Our family enjoyed 2 consecutive days at a designated cross country ski area in Helsinki called Paloheinä. This place featured many kilometers of cross country skiing in very diverse terrain. There was a mix of fields, forests and some kiddie practice tracks. The coolest thing about this ski area was the huge sledding hill. This sledding hill was long and wide and resembled a small downhill ski run minus any major bumps. Daring kids were whizzing down this gargantuan hill at breakneck speed, seemingly immune to any danger. My son and daughter went tandem most of the time and avoided collisions with the other sledders. They are slowly getting their confidence up on these sledding hills, while it seems that the Finnish kids have courage in their DNA makeup.
This week Finland also just celebrated a quirky little Holiday called Laskiaispulla paiva or Shrovetide cake day. Laskiaispulla is a cardamon spiced wheat bun that has it's top cut off and the insides scooped out, and the resulting space filled with a mix of the scooped-out bread crumbs, milk and almond paste, topped with whipped cream. The practice of Shrovetide, or Shrove Tuesday was originally a Catholic tradition known for eating pancakes and other sweet things before the start of Lent. In Finland and other Nordic countries the feast day was strictly held on Tuesday, but the Protestants relaxed the tradition and Sunday became the traditional day for the feast. I tried a few of these tasty treats freshly baked right out of the oven. Very nice, you should try pulla when visiting Finland!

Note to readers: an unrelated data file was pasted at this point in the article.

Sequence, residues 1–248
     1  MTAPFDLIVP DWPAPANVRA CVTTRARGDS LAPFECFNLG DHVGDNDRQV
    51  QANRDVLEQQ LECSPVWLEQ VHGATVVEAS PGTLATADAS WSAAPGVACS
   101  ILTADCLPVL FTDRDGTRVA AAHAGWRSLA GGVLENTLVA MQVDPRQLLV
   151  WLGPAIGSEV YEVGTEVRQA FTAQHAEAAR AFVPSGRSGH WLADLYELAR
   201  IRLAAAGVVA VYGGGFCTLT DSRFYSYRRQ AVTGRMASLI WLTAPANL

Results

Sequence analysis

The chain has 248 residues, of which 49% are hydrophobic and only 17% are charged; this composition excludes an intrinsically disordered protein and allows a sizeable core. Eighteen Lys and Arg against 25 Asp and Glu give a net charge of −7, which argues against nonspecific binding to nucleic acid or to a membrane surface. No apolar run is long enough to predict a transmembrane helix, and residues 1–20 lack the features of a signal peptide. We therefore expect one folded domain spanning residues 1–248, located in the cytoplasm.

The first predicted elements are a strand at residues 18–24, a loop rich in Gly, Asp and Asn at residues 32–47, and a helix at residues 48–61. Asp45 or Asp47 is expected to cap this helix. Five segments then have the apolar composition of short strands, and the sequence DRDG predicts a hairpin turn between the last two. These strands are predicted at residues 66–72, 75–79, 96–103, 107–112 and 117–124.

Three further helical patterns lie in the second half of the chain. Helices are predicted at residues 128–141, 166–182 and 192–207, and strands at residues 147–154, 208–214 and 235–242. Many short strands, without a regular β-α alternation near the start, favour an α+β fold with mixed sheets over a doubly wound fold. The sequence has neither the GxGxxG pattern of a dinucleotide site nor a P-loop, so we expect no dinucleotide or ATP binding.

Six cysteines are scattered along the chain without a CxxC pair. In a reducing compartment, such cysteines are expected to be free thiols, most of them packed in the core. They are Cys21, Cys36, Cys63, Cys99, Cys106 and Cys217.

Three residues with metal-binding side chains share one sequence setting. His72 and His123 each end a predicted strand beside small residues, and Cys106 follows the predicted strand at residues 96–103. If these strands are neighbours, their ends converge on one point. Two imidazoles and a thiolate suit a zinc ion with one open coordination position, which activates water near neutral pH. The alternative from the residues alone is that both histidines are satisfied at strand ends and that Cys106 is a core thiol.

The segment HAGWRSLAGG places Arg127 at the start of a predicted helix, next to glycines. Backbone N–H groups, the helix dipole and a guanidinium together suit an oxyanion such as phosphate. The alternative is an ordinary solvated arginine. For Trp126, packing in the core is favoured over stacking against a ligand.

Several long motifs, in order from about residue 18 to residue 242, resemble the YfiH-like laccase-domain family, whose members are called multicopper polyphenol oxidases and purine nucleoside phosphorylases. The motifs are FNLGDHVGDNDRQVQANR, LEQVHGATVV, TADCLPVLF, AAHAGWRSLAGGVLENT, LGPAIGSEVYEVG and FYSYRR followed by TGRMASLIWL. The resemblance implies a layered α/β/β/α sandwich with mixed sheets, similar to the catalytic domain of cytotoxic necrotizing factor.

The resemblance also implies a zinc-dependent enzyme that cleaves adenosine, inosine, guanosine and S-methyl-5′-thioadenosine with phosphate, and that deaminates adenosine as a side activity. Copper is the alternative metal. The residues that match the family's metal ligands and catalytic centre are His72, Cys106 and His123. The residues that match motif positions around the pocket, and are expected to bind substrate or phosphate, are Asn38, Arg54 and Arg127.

|Finnish Shrovetide cakes|